A committee formed by the Ministries of Health and Education concluded in early November that shortening the study was not justified. This could lead to risks to the quality and safety of care.
But this advice is ignored. According to ministers, there is no other option to solve the national shortage of dentists.
Not at the expense of quality
Several universities (University of Amsterdam, Vrije Universiteit Amsterdam, University of Groningen and Radboud University) and the Professional Association of Dentists (KNMT) described the decision as “worrying and disappointing”. “The importance of training enough dentists should come first, but it should never be at the expense of quality training,” says KNMT’s Jock Quackman.
“We need to train dentists who can start working right away, which is why those six years of training are really essential.”
Henry Lohr, on behalf of the universities: “It is incredible that, especially at this time, when there are great concerns about access to oral care, the solution is to restrict and thus degrade dental training.”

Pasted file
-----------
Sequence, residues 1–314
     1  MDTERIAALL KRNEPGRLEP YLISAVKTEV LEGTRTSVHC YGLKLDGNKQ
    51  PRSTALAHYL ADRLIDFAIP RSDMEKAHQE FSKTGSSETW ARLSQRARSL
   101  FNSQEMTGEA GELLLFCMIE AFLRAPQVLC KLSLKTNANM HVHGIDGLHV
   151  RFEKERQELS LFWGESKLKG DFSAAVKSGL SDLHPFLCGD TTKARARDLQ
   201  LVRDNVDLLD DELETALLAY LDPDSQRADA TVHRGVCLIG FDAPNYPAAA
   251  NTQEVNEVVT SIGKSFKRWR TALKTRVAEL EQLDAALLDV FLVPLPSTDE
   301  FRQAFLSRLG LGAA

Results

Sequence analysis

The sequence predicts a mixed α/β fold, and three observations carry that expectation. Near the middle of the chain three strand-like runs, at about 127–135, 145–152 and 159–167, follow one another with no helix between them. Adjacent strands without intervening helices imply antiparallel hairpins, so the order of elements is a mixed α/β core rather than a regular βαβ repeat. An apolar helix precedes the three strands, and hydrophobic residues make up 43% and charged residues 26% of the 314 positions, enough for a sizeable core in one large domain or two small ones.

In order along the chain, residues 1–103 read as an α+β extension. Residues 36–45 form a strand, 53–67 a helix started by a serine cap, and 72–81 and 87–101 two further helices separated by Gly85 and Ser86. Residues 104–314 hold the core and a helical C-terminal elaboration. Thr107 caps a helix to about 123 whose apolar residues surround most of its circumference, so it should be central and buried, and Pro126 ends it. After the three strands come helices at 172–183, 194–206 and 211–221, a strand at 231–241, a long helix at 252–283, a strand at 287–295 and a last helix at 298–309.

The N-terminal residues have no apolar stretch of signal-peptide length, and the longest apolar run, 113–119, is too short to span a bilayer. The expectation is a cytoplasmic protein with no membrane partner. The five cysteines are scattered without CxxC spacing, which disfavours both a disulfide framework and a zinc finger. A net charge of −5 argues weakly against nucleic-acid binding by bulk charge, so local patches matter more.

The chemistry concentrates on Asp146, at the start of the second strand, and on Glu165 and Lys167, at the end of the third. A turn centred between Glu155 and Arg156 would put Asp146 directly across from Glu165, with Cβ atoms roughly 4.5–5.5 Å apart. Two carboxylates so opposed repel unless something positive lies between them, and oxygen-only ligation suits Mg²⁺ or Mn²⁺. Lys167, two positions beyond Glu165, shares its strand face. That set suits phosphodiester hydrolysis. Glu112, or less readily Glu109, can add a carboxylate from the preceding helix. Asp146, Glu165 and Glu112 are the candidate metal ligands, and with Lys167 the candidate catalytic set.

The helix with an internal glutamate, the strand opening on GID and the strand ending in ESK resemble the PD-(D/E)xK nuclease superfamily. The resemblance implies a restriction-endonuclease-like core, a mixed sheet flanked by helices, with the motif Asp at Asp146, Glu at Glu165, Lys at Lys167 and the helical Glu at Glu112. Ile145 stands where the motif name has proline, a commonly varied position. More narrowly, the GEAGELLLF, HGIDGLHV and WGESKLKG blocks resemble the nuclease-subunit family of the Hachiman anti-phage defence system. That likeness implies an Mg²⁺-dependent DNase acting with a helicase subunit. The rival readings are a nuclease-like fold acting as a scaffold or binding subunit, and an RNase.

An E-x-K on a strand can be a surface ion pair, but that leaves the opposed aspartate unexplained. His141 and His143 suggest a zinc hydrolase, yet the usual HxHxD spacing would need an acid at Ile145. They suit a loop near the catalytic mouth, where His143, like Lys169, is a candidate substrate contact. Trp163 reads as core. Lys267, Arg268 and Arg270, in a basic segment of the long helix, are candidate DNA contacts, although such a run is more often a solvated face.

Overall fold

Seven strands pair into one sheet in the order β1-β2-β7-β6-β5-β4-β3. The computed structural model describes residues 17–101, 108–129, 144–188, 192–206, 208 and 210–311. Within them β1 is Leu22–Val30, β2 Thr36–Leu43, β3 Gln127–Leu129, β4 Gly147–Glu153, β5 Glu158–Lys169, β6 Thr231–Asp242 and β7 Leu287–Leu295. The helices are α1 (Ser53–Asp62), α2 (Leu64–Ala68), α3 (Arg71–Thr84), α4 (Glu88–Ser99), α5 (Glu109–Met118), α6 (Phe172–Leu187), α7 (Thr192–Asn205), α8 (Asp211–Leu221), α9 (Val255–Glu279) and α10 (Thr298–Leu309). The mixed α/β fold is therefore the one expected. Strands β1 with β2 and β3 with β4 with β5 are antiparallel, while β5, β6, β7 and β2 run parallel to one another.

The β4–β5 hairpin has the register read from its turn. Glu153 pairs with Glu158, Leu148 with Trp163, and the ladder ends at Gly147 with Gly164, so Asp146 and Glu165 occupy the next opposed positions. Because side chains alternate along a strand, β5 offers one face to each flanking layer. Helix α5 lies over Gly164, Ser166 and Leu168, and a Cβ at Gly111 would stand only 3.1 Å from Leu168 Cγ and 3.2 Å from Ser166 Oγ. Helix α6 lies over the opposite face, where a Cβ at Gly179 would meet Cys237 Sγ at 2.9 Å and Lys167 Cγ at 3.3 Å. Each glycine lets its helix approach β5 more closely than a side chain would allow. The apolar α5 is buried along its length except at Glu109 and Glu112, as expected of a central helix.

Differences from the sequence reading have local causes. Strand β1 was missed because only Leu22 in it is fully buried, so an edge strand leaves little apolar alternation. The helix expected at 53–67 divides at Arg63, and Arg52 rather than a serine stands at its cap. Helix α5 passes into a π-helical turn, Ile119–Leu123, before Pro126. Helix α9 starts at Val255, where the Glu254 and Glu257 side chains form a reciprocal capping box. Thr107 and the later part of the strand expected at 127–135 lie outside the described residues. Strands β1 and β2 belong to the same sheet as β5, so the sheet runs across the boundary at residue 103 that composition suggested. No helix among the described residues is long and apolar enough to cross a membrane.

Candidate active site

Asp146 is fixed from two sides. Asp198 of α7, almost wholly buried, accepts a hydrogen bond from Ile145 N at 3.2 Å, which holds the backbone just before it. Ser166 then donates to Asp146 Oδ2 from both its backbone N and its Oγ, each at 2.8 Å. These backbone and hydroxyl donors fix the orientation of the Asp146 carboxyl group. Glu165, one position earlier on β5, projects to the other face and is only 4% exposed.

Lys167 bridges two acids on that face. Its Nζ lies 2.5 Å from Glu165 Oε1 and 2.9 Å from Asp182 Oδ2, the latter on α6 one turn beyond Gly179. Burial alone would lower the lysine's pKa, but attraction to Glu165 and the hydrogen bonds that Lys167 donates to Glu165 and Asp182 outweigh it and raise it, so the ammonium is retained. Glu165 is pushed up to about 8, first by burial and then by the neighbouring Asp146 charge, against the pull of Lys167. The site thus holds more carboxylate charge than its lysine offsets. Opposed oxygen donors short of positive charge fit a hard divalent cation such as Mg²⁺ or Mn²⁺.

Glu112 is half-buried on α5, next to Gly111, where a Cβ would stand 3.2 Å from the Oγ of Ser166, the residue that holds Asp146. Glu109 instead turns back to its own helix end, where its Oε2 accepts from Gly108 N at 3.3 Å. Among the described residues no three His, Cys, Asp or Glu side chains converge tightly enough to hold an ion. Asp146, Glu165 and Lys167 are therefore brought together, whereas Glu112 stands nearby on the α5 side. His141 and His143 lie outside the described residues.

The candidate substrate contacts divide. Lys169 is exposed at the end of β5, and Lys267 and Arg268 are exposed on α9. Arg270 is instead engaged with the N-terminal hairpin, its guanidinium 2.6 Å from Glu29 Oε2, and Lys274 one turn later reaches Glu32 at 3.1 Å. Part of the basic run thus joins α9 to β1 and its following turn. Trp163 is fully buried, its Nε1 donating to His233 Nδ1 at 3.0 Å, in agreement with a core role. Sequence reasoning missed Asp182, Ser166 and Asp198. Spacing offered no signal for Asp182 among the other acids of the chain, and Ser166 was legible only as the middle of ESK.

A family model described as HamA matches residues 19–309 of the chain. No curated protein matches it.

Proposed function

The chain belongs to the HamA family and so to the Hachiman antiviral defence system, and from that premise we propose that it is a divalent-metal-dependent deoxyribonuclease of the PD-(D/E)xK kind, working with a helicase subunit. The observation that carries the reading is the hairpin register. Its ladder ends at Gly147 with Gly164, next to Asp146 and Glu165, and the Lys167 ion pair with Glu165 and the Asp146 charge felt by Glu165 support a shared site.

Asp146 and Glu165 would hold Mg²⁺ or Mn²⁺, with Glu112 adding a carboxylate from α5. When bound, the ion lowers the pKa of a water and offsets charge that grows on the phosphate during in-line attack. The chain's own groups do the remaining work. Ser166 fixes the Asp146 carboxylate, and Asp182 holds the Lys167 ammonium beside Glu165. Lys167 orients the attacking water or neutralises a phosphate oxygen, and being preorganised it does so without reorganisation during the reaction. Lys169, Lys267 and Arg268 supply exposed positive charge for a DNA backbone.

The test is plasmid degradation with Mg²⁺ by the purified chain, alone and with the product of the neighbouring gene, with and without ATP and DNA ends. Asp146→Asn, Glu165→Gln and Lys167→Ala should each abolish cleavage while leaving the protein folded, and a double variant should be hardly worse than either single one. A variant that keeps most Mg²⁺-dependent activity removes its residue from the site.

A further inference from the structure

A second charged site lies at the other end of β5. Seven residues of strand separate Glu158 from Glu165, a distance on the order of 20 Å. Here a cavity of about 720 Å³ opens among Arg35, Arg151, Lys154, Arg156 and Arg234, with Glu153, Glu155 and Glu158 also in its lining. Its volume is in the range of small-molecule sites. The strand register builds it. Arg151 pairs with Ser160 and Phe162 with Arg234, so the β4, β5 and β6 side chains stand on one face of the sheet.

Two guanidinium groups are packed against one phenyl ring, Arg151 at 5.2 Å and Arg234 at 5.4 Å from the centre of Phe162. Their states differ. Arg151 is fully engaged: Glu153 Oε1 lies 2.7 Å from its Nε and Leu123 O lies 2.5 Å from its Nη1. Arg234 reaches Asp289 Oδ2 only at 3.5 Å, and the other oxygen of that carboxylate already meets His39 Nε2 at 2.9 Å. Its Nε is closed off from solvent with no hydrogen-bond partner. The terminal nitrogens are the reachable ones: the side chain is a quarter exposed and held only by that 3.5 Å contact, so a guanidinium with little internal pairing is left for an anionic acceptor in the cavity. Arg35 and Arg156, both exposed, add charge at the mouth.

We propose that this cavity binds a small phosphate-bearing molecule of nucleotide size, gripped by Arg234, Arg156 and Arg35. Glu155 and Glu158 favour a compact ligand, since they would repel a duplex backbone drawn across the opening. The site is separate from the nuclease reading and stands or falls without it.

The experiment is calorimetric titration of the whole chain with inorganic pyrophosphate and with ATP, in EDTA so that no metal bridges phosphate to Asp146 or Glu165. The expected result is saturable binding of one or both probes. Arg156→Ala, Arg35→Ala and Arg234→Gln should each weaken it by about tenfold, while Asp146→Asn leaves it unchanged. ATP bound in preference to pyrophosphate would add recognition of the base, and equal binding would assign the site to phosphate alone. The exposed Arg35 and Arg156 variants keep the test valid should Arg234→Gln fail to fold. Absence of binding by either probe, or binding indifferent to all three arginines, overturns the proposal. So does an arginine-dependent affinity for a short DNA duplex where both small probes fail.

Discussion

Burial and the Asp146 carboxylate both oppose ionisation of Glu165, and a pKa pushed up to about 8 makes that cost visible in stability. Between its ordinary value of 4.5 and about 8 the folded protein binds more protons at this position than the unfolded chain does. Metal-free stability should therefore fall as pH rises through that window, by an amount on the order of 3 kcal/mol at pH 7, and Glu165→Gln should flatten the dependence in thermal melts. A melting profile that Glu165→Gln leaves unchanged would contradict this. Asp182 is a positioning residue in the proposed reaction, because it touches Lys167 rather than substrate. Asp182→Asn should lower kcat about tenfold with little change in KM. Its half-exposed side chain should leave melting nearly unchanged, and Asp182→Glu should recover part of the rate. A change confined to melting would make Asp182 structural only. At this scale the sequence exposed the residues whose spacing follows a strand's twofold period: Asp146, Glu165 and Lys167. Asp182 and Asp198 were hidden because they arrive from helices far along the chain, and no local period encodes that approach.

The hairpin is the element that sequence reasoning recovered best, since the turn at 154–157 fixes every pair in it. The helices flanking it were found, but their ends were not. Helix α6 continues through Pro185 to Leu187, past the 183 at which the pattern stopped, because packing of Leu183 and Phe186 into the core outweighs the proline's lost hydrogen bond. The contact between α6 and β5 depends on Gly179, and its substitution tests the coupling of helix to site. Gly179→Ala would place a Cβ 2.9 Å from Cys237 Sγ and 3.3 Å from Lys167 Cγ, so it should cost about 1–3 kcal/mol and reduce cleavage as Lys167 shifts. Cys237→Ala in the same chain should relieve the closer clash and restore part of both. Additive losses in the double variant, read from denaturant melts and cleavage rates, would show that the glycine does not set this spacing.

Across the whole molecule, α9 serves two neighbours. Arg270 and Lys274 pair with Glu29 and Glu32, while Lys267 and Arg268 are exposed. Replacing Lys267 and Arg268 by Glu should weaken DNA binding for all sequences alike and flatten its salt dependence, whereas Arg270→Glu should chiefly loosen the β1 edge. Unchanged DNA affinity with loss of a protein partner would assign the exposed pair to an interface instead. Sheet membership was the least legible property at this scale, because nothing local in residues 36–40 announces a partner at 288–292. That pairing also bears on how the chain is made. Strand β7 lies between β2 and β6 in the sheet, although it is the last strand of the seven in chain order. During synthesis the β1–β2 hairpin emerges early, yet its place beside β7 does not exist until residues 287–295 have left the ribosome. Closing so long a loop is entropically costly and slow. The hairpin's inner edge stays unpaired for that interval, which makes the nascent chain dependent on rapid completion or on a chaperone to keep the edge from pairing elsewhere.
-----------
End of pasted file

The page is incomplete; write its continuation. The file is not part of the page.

RTL Nieuws previously spoke with experts about the plan to shorten training. It seemed like a bad plan at the time. “It is opportunistic, unfeasible and unsustainable.”
There will be a need for a huge number of dentists in the coming years. About 220 students now graduate from the College of Dentistry each year, but many more dentists will retire in the coming years. It is expected that 41.5 percent of the approximately 10,000 dentists in our country will go out of practice in the next 10 years.
There are currently 243 training places. That should be 375, says the Capacity Authority, which advises Cabinet on the number of places needed for various medical training courses. But the government is not interested in this expansion because of the costs.
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